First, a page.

Grocer


Grocer

Beginning as early as the 14th century, a grocer (also called purveyor) was a dealer in comestible dry goods such as spices, pepper, sugar, and (later) cocoa, tea and coffee. These items were bought in bulk, hence the term grocer from the French "grossier" meaning wholesaler.

As increasing numbers of staple foodstuffs became available in cans and other less-perishable packaging, the trade expanded its province. Today, grocers deal in a wide-range of staple food-stuffs including such perishables as meats, produce and dairy products. Such goods are, hence, "groceries".

In the United States and United Kingdom, supermarkets and convenience stores are sometimes described as grocery businesses, or simply grocers. [For example, the largest trade paper for UK supermarkets and convenience stores is called "The Grocer"] The early supermarkets began as chains of grocer's shops. Clarence Saunders of Memphis, Tennessee invented the self-service grocery store with open stock in 1916, for which he received a US patent.

Notable Grocers

* Horatio G. Loomis, one of the organizers of the Chicago Board of Councelers

References

ee also

Grocery store

External links


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Look at other dictionaries:

  • grocer — UK US /ˈgrəʊsər/ noun [C] COMMERCE ► (also grocer s) a store that sells food and small things for the home: »The UK s fourth biggest grocer operates 13 distribution centres. ► a person who owns or works in a store selling food and small things… …   Financial and business terms

  • Grocer — Gro cer, n. [Formerly written grosser, orig., one who sells by the gross, or deals by wholesale, fr. F. grossier, marchand grossier, fr. gros large, great. See {Gross}.] A trader who deals in meats, dairy products, produce, tea, sugar, spices,… …   The Collaborative International Dictionary of English

  • grocer — early 15c. (mid 13c. as a surname), one who buys and sells in gross, from Anglo Fr. grosser, O.Fr. grossier, from M.L. grossarius wholesaler, lit. dealer in quantity, from L.L. grossus coarse (of food), great, gross (see GROSS (Cf. gross)). Sense …   Etymology dictionary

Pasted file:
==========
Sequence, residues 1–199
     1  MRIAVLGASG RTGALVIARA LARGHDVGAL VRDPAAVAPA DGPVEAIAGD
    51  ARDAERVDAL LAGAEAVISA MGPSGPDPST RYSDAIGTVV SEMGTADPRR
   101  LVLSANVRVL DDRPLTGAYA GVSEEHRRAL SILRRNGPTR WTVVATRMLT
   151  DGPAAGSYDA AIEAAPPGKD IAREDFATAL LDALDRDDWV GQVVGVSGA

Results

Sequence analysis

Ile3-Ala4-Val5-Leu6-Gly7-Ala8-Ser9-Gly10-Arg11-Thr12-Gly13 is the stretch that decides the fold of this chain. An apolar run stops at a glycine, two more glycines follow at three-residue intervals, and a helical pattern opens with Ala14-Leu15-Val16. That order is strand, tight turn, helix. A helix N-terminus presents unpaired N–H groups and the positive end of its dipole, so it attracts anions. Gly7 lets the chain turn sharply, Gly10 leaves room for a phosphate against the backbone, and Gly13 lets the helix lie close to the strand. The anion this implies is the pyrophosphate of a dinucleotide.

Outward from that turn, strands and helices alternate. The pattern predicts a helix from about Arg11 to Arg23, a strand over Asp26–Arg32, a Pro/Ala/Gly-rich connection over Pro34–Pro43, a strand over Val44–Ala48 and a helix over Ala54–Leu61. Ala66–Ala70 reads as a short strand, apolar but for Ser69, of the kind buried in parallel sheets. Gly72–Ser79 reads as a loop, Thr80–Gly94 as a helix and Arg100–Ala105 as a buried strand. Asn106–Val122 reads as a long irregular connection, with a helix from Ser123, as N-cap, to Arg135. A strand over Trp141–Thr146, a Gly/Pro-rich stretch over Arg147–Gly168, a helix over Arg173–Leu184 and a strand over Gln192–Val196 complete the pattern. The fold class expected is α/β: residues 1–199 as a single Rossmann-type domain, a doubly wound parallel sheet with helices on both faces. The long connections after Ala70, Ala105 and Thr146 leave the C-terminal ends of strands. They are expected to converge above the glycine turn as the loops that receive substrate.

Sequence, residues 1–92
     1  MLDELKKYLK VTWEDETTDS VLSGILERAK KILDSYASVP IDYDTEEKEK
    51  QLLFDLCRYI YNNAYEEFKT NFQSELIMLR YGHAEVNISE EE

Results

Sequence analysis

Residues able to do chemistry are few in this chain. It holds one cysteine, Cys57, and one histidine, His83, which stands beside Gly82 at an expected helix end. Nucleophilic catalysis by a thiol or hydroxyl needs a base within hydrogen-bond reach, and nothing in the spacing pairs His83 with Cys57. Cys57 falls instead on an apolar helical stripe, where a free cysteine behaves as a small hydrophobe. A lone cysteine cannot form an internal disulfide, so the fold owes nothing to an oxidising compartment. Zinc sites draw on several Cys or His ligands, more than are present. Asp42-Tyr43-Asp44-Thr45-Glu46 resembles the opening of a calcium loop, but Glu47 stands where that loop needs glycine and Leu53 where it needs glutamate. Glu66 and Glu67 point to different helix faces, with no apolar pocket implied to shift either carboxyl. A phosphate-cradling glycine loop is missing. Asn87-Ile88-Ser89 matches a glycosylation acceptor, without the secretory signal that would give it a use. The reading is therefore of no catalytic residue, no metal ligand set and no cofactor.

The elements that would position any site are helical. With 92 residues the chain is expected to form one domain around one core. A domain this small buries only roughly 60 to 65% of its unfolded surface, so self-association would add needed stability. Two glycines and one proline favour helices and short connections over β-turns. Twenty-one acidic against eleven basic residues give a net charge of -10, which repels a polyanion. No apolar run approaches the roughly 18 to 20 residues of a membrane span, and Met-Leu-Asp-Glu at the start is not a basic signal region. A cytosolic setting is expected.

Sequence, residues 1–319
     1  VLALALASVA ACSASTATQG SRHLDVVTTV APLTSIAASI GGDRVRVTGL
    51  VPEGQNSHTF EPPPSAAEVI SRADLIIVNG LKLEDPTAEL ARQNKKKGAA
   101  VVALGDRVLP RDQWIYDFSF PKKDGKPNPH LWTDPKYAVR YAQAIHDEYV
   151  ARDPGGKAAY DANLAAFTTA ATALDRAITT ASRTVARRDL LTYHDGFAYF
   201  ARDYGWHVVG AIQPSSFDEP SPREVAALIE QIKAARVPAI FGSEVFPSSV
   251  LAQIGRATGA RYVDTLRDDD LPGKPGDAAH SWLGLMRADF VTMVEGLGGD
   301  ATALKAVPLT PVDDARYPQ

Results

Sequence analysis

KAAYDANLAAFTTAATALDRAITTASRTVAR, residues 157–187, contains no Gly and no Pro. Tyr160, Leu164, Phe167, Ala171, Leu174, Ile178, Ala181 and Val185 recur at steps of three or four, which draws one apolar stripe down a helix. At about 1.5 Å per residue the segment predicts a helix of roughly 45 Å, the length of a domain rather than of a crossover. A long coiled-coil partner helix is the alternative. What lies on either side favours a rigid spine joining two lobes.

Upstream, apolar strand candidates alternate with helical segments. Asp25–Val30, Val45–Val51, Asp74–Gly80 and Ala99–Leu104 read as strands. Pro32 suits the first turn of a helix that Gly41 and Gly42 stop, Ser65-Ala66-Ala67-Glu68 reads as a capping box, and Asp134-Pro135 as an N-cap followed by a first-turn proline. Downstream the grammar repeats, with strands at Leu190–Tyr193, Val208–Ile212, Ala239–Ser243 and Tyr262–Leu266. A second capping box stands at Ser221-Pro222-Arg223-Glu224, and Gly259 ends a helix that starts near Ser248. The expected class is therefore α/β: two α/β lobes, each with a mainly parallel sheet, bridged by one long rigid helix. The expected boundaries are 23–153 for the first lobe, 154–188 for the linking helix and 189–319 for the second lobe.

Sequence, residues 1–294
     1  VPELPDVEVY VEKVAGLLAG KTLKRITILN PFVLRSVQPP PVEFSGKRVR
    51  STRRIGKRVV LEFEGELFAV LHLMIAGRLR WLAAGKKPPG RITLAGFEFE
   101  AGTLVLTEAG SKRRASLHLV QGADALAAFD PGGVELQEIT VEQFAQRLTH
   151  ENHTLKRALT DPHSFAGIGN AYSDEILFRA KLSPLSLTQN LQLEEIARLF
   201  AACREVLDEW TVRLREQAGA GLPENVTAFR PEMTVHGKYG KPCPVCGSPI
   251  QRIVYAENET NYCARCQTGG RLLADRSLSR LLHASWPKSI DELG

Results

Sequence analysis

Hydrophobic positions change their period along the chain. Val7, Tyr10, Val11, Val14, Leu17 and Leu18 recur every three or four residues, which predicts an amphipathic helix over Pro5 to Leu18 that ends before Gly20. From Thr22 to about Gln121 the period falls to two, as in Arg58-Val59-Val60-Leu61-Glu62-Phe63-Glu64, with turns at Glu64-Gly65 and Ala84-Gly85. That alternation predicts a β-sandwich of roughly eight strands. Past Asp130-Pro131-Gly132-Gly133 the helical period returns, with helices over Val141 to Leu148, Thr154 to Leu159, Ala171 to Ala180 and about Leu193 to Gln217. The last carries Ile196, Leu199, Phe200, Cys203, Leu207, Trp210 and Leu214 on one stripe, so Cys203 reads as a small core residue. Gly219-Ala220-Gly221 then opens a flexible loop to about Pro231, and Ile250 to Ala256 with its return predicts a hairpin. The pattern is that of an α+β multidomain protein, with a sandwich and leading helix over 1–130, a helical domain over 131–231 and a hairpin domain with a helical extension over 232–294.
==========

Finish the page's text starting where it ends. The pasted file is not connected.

• grocer — ► NOUN ▪ a person who sells food and small household goods. ORIGIN originally in the sense «a person who sold things by the gross»: from Old French grossier, from Latin grossus gross …   English terms dictionary

  • grocer — [grō′sər] n. [ME grosser < OFr grossier, lit., dealer in the gross, wholesaler < ML grossarius < LL grossus: see GROSS] a storekeeper who sells food and various household supplies …   English World dictionary

  • grocer — [[t]gro͟ʊsə(r)[/t]] grocers 1) N COUNT A grocer is a shopkeeper who sells foods such as flour, sugar, and tinned foods. 2) N COUNT: oft the N A grocer or a grocer s is a shop where foods such as flour, sugar, and tinned foods are sold. [mainly… …   English dictionary

  • grocer — UK [ˈɡrəʊsə(r)] / US [ˈɡroʊsər] noun [countable] Word forms grocer : singular grocer plural grocers someone whose job is to sell food and other goods for the home in a small shop. The shop they work in is called a grocer s …   English dictionary

  • grocer — gro|cer [ˈgrəusə US ˈgrousər] n [Date: 1200 1300; : Old French; Origin: grossier person who sells in large quantities , from gros; GROSS1] 1.) someone who owns or works in a shop that sells food and other things used in the home 2.) grocer s a… …   Dictionary of contemporary English

  • grocer — noun (C) 1 someone who owns or works in a shop that sells food such as flour, sugar, food in cans, and other things used in the home 2 grocer s a grocer s shop …   Longman dictionary of contemporary English

  • grocer — [ˈgrəʊsə] noun [C] 1) grocer s a small shop that sells food and other goods for the home 2) someone who owns or works in a grocer s shop …   Dictionary for writing and speaking English


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